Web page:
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The High Places of Power and Privilege

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The changes are dramatic and telling: Christians used to occupy the top jobs in government and universities, they made up the professional class, and were blessed with wealth they used strategically. But over the last one hundred years, and especially in the last generation, the Christian population of the Middle East is declining, both in numbers and influence.

Mideasts Christians Declining in Influence (an article in the May 13, 2009, edition of The New York Times) provides an interesting counterpoint to our own society in which Christians have held places of privilege, but now feel themselves shut out and disenfranchised because of their beliefs. A throw-away line in the middle of the article provides a significant point of comparison between the situation of believers in America and in the Middle East: In America, secularism is often blamed as the reason for the loss of power and prestige. In the Middle East, the article claims, secularism is the only hope for a Christian future in the region.

The challenge for Christians in any age or location is to live as pilgrims, strangers, and exiles with feet planted firmly both in the kingdoms of the world and in the kingdom of God. Our hope isnt in nationalism (either of the American or Middle Eastern kind) or influence peddling. Instead, our confidence is that no matter in what circumstances we live, the Lord still expands his kingdom through the worship and witness of the church.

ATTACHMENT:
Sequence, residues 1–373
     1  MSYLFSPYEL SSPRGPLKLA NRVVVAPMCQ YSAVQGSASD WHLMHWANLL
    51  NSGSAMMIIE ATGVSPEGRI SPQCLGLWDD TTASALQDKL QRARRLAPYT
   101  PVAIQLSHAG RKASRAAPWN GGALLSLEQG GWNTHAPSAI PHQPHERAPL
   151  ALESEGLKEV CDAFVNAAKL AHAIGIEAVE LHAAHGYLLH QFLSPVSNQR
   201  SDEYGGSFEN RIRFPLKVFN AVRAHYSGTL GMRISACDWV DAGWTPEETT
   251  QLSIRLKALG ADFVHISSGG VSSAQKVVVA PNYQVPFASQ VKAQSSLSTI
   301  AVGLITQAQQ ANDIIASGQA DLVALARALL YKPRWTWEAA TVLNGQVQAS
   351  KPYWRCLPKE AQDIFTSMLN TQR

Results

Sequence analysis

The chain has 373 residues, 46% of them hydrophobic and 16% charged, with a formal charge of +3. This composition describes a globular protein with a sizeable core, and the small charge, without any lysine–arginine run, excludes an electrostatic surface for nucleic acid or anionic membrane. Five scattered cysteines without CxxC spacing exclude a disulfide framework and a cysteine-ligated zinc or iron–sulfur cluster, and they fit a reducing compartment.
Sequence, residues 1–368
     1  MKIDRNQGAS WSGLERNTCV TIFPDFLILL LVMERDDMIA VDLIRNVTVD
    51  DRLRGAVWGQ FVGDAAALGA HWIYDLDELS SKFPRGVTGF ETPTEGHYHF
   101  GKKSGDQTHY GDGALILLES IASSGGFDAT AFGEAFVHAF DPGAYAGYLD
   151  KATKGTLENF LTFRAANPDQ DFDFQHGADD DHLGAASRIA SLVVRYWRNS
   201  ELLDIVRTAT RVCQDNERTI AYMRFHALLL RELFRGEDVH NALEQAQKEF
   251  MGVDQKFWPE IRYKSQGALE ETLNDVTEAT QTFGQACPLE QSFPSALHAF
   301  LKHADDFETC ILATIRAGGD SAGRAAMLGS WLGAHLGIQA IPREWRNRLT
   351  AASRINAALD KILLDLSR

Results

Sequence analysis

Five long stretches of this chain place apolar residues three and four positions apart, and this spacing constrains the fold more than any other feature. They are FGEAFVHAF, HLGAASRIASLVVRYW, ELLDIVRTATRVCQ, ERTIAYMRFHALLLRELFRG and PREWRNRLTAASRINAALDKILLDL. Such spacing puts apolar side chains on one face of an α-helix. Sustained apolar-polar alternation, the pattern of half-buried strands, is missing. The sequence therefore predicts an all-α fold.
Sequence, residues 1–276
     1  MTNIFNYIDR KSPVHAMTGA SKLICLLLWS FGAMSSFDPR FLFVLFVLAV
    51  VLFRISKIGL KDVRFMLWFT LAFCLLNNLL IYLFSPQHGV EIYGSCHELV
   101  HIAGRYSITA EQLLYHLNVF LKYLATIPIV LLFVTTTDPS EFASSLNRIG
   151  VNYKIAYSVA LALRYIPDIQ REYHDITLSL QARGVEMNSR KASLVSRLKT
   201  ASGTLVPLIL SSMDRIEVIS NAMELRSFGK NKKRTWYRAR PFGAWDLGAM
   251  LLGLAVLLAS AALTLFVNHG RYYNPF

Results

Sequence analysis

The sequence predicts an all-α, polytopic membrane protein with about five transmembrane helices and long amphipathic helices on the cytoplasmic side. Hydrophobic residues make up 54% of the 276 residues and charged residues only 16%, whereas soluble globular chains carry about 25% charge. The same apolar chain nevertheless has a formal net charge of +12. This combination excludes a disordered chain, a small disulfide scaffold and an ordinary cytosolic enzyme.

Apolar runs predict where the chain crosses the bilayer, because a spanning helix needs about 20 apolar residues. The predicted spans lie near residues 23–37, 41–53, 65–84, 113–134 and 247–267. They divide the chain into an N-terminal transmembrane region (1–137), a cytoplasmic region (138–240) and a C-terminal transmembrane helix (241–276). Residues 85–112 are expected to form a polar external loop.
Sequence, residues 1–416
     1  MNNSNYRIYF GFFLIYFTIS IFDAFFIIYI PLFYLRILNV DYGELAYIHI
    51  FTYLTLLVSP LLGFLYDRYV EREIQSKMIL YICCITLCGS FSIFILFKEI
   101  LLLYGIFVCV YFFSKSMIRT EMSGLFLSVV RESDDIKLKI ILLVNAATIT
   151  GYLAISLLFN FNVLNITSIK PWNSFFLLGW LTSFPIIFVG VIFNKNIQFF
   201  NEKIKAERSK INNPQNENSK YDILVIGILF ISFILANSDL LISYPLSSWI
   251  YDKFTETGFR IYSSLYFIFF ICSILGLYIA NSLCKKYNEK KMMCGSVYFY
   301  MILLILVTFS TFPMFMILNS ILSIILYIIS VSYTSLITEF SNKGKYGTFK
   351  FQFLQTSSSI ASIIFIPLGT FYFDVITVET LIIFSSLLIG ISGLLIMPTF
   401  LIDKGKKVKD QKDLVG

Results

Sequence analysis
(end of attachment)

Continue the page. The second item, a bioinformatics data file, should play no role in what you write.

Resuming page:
Despite our circumstances of ease and affluence or persecution and want, all Christians live under the cross in this present age. And whether we are lauded or hounded, we must constantly endeavor to resist conformation to this world (Rom 12:2). Failing to engage our culture with transformed minds that discern the will of God means that we will too-often mistake social success for divine effectiveness or social ostracism for divine disfavor. Can we have confidence in our calling even if the kingdom of man fails to give us the keys to the city?

Fixing our hope on the kingdom that cannot be shaken gives us confidence no matter what the situation is around us. May God sustain the community of Christ in the Middle East. And may God rescue the church in America from doomsday prophets and smiling preachers, both of whom confuse the kingdoms, confuse the sheep, and distract us from our high calling.
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